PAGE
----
For SMs, when you have assistants, do you care which of these australian stage managers prompt they use? ERK Contributor Posts: Primarily, this is because I'm always up for new ideas. I don't want to get stagnant and set in my ways; I think you have to be highly flexible in this job. And so, a book that might look confusing to me at first could easily become my preferred method for a particular theatre genre.
It's easier if the book looks the same, but so long as it's the same pagination, I don't care. Plus, you might learn something from looking at their books. When I ASM for example, I write all the props that should be onstage at the top of the script, because I'm the one that has to preset them and track their movments.
It seems easier to me to just glance at the top of the page for what's coming up, especially when there are a Thailand lonely planet of props Thank you, Plaid Tidings. But when I SM, I'm happy to just look at a plot and my notes. I'm not the one getting up from the table to handoff a prop, usually. I hate not being able to find where someone put a document.
I find that as long as I can follow the paperwork, the exact style does not matter that much to me. I think the people who are primarly using the paperwork should be most comfortable with it.
Quote from: Debo Contributor Posts: However, as an ASM, I would take line notes by writing in my script, so when Glimmer and cato youtube er was writing in the script, I'm right handedI was writing on that left hand side that I had wanted to avoid anyhow!
I appreciated the backwards book though, when I was tracking props and shifts and whatnot moving on and off, like ERK mentioned. The point I'm trying to make about Australian stage managers prompt books is this: That is assuming that you australian stage managers prompt line notes in your book like I do and that you write prop tracking notes in your book. I won't say right handed because this idea can actually go either way if you think about it. I don't care how an ASM organizes their book- if they have what they need to have when they need to have it, that is good enough for me.
I also australian stage managers prompt had a lot of ASMs though, nor am I yet in the real world, so that's my two cents for the time being. Ask me again in 5 years. AEA Current Gig: Wow, this is an interesting discussion! Stage managing is getting to do everything your mom told you not to do - read in the dark, sit too close to the TV, and play with the light switches! I see that everyone has a style and every style has someone. Ultimately, what works for you is the best way to go.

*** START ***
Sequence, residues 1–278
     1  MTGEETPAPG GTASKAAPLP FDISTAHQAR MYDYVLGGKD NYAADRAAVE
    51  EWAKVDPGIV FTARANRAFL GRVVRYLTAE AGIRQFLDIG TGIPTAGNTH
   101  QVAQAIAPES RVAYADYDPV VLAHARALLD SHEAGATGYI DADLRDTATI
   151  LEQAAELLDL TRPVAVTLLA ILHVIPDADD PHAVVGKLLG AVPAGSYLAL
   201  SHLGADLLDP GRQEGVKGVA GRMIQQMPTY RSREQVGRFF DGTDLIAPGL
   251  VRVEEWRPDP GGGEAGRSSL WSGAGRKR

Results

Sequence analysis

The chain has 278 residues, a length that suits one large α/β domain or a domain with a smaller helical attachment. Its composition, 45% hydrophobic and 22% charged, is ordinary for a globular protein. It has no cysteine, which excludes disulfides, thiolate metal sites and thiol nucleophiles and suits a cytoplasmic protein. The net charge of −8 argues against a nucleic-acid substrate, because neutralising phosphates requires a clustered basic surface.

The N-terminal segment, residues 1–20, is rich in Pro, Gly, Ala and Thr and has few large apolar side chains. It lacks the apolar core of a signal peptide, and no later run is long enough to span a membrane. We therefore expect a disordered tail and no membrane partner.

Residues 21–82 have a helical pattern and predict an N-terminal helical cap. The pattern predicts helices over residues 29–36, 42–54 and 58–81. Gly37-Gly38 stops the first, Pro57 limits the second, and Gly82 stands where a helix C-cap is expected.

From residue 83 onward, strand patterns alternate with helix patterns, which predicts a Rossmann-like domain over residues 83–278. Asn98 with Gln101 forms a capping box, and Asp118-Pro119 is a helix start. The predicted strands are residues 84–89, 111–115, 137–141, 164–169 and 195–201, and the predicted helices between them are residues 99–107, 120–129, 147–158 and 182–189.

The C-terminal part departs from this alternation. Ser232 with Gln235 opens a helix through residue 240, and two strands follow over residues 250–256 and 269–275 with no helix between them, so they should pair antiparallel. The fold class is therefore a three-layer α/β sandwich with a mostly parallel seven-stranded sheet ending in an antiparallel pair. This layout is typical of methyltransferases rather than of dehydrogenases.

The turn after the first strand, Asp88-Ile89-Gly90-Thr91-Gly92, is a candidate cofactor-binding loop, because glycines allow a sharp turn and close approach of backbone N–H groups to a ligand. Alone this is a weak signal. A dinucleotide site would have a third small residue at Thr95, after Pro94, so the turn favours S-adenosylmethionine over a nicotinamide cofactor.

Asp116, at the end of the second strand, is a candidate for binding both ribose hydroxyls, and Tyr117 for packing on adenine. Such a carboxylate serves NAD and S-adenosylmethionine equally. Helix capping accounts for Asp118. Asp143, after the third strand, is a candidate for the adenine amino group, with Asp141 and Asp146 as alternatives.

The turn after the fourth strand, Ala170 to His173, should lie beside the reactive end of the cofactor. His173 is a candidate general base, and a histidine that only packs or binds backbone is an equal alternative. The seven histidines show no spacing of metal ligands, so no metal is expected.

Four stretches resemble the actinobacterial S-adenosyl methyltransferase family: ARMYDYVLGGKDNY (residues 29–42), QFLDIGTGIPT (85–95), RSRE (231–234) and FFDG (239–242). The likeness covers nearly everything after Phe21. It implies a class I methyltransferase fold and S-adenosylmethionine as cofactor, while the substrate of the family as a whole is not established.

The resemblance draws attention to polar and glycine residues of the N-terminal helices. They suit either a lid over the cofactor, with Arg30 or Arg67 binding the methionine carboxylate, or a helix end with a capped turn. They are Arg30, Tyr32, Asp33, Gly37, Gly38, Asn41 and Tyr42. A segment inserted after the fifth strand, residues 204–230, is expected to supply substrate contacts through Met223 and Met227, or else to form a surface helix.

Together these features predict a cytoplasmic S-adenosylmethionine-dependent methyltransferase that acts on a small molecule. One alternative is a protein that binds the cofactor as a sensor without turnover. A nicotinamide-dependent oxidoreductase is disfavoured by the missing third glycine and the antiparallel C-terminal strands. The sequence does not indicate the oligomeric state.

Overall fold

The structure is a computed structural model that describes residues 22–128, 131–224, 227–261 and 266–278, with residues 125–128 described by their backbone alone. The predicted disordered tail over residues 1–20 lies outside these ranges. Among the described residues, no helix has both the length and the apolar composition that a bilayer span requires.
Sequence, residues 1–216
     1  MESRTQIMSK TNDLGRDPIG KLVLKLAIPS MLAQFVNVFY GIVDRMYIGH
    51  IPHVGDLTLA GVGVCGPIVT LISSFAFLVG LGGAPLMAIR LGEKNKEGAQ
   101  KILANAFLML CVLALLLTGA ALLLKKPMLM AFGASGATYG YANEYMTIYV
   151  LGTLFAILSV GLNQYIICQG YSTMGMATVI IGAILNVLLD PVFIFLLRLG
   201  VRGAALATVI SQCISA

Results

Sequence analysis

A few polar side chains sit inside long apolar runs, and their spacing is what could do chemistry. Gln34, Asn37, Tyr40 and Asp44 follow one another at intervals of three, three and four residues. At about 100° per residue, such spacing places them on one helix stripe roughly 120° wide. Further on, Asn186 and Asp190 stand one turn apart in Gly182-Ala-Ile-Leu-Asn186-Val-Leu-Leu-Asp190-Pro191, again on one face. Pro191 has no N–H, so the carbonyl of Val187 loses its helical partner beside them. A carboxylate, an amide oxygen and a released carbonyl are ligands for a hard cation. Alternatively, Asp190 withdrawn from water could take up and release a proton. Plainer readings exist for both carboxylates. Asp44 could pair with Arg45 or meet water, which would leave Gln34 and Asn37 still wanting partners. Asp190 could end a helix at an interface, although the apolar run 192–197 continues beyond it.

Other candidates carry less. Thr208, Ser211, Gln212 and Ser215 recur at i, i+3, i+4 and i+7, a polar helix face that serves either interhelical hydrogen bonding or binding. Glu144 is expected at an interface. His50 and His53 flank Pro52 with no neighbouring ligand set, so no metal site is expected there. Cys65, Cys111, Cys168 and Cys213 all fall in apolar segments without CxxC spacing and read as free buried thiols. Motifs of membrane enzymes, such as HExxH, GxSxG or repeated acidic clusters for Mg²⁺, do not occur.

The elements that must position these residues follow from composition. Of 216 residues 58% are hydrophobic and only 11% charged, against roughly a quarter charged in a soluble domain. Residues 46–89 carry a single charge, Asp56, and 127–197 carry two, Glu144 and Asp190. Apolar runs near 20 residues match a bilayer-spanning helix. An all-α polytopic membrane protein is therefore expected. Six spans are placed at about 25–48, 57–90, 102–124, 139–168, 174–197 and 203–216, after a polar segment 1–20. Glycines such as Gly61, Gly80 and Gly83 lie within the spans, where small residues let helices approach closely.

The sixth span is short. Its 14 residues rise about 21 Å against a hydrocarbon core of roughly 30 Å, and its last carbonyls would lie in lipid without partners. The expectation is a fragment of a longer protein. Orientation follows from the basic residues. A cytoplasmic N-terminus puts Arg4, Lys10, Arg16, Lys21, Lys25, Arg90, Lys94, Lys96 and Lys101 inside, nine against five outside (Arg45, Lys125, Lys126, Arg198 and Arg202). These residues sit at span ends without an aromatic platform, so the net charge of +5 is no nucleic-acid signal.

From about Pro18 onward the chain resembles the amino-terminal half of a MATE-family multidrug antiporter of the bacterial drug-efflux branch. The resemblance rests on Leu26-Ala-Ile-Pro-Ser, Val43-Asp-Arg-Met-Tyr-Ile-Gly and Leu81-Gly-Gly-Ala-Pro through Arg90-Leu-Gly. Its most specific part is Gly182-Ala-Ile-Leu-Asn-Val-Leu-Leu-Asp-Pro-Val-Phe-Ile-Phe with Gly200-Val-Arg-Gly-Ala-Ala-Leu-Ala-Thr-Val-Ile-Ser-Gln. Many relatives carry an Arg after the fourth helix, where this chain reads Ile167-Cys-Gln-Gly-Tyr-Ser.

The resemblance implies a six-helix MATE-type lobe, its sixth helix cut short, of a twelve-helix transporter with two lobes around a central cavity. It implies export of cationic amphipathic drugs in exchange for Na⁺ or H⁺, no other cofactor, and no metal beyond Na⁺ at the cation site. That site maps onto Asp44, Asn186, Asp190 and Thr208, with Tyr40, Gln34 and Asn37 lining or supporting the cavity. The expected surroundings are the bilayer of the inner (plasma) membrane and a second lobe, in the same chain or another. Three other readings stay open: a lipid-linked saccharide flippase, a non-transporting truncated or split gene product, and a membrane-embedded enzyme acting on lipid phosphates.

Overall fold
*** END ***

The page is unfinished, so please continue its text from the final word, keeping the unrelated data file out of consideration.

Personally, I'm right-handed and like my script on the left and my blocking sheets on the right. A tip on calling a consistent show: I put a bold ".
I hate it when I hear myself wind up too soon and then have to say "wait for it I learned this one when I took over a show from another stage manager.
It helped immensely. I didn't have to australian stage managers prompt about the timing of the ques because it was all laid out for me when I was learning the show. It truly made the experience one of "if you can read, you can call a show". Great blog That is exactly why I use P and OP. To me, left is left - it is instinctual. In the theatre, I am fine using it, as I can easily do a mental flip in my mind and face as an actor would.
Just one of those weird psychological intricacies. It also helps that all veterans usually know the terms, so the AV guys can easily translate it into camera left and camera right audience left, audience right von idioten umzingelt firefox the stage guys can easily translate it to sl and sr, without me worrying australian stage managers prompt when I say "we need a camera to record the right side of the stage, australian stage managers prompt have one on the left already" that the camera man may be using stage sides rather than camera sides.
I just say "we need a camera to record prompt side, op is already covered" and everything turns out fine. Knave New to Town Posts: As I scan thru the responses, I see we all use variations on the theme. Aerial SM Expert Posts: I think I'm going to give 'text on the left, blocking on the right' a try on my next show.